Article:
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mammals of the family Felidae of the order Carnivora. All members of living and fossil species of Felidae have a small head, a lithe and muscular body, short yet powerful legs, and fully or partially retractile claws. Most species have a long tail. Cats range in size from small (domestic cat) to large (lion, tiger). The coat is short; the coat of northern and high mountain species is more downy than that of cats found in the tropics. Cats dwelling in tropical forests often have bright coloration (black spots or stripes on a gray, orange, or smoke-colored background); those in the northern steppes and desert regions are yellow or sand-colored, with a white belly. The most well developed senses are those of sound and sight; the sense of smell is weak in most species. Ancestors of the Felidae were known in the Oligocene epoch, when two subfamilies became distinct: typical cats and sabertooths.
There are 37 species of modern cats, belonging to three genera. The genus Panthera includes the snow leopard, jaguar, lion, and tiger. Felis includes the domestic cat, European wildcat, Bengal tiger, northern lynx, and caracal lynx. The third genus is Acinonyx, which contains the cheetah. In the USSR there are 11 species. Wild members of the family are found on all continents and large islands except Australia, New Guinea, Sulawesi, Antarctica, Greenland, and Madagascar. Cats are found primarily in the tropics. The taiga zone has only tigers, pumas, and lynx, and some Bengal cats (in the Primor'e).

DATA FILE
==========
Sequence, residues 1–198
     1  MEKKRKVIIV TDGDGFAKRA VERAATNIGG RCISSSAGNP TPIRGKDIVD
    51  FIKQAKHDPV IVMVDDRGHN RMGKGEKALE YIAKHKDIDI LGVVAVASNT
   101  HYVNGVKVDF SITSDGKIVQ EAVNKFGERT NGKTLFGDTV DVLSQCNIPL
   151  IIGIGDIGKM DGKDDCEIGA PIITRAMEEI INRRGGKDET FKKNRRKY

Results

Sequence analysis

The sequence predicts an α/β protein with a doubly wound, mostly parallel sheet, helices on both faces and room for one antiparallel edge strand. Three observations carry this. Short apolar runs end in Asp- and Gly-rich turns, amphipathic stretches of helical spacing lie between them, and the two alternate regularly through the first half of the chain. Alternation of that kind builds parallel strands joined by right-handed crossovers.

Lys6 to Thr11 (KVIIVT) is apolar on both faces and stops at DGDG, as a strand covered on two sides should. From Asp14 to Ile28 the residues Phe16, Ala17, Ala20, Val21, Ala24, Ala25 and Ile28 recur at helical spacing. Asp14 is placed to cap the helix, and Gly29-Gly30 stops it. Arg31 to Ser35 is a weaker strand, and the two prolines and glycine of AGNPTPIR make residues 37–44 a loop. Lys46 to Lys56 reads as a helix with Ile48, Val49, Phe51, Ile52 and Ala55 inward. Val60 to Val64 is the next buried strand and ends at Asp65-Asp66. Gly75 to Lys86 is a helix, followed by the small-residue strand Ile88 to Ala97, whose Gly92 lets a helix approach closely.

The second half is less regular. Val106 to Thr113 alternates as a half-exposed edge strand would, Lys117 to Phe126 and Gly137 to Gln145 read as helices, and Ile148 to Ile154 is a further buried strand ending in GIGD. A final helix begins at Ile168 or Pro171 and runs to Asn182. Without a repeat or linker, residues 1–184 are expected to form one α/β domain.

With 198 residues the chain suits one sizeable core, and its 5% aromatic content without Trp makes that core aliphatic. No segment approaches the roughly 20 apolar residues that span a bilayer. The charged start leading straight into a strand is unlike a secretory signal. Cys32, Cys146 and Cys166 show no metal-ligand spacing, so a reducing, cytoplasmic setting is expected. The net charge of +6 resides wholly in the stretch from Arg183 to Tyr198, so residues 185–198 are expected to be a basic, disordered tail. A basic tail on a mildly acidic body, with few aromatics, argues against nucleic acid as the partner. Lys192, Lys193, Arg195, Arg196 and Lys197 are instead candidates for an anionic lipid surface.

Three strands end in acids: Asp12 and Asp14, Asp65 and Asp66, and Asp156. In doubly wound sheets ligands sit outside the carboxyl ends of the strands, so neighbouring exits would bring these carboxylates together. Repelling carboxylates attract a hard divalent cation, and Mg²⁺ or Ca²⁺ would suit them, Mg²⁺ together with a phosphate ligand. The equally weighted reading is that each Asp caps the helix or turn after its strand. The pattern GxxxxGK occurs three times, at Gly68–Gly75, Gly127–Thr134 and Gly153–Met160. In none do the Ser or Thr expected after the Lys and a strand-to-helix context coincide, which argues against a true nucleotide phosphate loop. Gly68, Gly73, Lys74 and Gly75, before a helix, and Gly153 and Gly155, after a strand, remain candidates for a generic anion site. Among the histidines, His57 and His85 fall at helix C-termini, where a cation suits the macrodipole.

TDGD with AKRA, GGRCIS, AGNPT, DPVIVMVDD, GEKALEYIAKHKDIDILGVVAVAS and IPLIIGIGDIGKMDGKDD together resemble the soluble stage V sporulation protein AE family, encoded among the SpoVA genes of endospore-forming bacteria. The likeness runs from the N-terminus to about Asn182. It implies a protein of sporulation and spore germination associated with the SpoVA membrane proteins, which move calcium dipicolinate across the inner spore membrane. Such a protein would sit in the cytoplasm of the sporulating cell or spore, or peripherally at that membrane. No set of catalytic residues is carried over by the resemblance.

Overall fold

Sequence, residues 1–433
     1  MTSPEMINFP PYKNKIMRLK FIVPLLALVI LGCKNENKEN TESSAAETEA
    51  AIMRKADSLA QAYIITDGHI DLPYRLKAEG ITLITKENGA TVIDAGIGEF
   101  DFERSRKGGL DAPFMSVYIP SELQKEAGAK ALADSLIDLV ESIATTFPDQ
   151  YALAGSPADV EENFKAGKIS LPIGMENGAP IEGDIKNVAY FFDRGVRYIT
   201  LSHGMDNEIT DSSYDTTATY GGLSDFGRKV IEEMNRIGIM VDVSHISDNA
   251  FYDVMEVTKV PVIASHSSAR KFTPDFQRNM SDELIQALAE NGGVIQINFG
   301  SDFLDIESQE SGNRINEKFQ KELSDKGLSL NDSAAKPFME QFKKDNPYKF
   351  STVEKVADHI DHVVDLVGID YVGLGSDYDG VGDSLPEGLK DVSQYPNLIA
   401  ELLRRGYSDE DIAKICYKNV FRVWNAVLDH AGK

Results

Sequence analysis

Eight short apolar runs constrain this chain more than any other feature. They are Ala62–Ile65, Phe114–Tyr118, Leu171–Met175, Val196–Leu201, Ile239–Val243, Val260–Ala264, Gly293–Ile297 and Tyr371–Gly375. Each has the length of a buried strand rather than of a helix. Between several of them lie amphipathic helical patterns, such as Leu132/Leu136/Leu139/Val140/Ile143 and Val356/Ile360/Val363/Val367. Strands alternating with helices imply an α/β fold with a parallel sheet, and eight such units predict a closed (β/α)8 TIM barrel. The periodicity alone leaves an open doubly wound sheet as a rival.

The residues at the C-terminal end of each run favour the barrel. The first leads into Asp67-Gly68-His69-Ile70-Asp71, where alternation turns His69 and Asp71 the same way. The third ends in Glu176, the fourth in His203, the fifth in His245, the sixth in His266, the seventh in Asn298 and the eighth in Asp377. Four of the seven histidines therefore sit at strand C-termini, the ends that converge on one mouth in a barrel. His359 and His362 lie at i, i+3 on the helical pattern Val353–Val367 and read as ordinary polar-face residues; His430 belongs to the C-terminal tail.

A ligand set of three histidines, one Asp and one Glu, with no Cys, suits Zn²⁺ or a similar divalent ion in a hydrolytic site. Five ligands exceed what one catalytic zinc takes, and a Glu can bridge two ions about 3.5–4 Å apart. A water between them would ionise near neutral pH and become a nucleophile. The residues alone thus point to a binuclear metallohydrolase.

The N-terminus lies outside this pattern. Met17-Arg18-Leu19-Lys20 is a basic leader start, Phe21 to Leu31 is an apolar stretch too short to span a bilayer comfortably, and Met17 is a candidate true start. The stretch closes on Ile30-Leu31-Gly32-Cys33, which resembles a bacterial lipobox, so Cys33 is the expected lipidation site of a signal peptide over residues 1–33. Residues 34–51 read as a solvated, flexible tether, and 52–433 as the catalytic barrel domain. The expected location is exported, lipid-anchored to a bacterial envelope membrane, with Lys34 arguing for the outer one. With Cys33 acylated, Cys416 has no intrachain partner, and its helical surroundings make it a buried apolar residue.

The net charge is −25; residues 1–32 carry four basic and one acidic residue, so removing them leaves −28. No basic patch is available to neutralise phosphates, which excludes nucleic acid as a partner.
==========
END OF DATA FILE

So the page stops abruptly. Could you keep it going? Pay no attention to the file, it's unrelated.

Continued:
Cats lead a predominantly crepuscular and nocturnal mode of existence. They feed on mammals, birds, reptiles, fish, and sometimes insects. Most species hunt alone or with their whole group; lions, however, often hunt with temporary associative groups, or prides. The small species reproduce once a year; only the domestic cat bears young more frequently. The big cats reproduce less than once a year. Small species give birth to five or six young, and the big cats bear only two to four cubs at a time. Cats are sought for their skins or are captured for zoos. In some regions they harm livestock. Tigers and lions are protected species in a number of countries.
REFERENCESBrem, A. Zhizn' zhivotnykh, vol. 5. Moscow, 1941.
Mlekopitaiushchie Sovetskogo Soiuza, vol. 2, part 2. Moscow, 1972.
Denis, A. Cats of the World. London, 1964.
N. K. VERESHCHAGIN